Sands, fourth applicant, interviewed
Colonel Peter Sands was the fourth of five city manager applicants interviewed by the Cape Coral City Council Thursday.
Most recently Sands was Commander, 407th Air Expeditionary Group, Ali Air Base, Iraq, providing airfield support for United States and coalition forces, meeting with diplomats, international officers and high level officials, coordinated airfield operations and logistics for $780 million in aviation assets.
Previous administration experience includes: Chief, combat support division at Langly Air Force Base, Hampton, Virginia; Commander, 319th Mission Support group, Grand Forks Air Force Base, Grand Forks, North Dakota; Deputy Commander, Mission Support Group, McChord Air Force Base, Tacoma, Washington; Deputy Chief, Strategy and Policy Division, United States Strategic Command, Bellevue, Nebraska; Commander, Maintenance, Logistics and Aircraft Generation Squadrons, Air Mobility Command, Grand Forks, North Dakota; Executive Officer to Director, Scott Air Force Base, Belleville, Illinois.
Sands said it’s important to shape the city’s vision when attacking the budget process.
“We can’t just go in there and make it look like Swiss cheese,” Sands said.
Asked by Councilmember Pete Brandt about the most cost effective route for construction projects like roads and utilities, Sands said he felt Design/Bid/Build is the best way to approach these kinds of projects.
When asked how to encourage economic development, he said, “We have to figure out what kind of businesses we want to attract…we need to figure out what this community wants to look like in 10, 15 years.”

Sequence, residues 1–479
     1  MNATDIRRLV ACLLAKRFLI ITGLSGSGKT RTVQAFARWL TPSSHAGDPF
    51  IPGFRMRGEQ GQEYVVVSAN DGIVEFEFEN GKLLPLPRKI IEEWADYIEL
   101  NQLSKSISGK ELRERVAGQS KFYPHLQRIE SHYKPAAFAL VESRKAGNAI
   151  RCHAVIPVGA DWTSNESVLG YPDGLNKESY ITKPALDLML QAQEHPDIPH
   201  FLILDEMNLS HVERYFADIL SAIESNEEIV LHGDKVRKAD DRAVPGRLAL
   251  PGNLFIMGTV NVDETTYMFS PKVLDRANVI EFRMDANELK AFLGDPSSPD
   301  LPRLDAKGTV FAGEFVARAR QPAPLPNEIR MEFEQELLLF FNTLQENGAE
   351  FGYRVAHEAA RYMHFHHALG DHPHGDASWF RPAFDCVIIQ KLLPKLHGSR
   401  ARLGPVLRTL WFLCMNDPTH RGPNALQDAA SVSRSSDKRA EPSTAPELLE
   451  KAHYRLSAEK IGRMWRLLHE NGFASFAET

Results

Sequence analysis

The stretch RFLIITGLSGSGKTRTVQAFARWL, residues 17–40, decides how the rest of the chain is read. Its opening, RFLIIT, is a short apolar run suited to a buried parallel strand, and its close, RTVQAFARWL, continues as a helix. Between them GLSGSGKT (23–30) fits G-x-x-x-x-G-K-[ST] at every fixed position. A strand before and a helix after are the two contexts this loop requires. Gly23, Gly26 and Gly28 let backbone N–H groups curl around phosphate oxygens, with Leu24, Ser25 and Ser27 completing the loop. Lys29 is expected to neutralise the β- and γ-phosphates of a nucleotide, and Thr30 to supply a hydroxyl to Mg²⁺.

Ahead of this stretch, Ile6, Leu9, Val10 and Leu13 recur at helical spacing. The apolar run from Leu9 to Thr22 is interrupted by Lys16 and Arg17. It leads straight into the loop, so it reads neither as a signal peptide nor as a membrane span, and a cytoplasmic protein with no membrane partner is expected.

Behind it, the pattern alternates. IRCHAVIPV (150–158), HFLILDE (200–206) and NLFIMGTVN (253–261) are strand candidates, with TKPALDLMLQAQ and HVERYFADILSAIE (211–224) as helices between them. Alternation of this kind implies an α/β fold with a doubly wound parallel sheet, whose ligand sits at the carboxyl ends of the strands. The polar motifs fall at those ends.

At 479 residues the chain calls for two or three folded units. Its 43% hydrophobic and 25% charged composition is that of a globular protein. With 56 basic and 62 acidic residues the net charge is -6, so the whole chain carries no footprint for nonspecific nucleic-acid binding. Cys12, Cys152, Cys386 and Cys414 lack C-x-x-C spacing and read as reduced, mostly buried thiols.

Sands said the city could come out of financial trouble in the next few years, but needs to be primed with a vision of what the city wants to be.
He also thinks global warming is going on, though he said he doesn’t know what to expect.
Sands said he just completed building a retirement home with his wife in Cape Coral.
He said he’s supervised upwards of 2,700 people at various air fields. He said he’s been moved from air field to air field based on the needs of that field. He said he was never fired.
“It means there’s trust in you to make the changes that need to be made or institute a particular vision,” Sands said.
Asked by Chris Chulakes-Leetz if he were absolutely prepared for the job, and if he would consider another city job in the future.
Sands said he’s already made up his mind, and has a date set to either retire or become the next city manager.
He said he would accept other government work within the city if asked.
Asked why he wanted the job by Councilmember Derrick Donnell, Sands said, “I do agree there is a small learning curve because I don’t live here every day.”
He said his understanding of the millage rate is that even the rate rose, he still couldn’t cover the city’s budget. He said the key was more cuts, and to look deeper into the budget to find that money.
Donnell asked him about the switch from military management to civilian management, Sands said the transition would not be difficult.
“I have learned through my career to bring the ‘why’ out front,” he said. “I find there’s less resistance that way.”
Sands said he would be willing to cut his pay as an example that cuts across the board need to occur.
“I want to serve the community,” Sands said.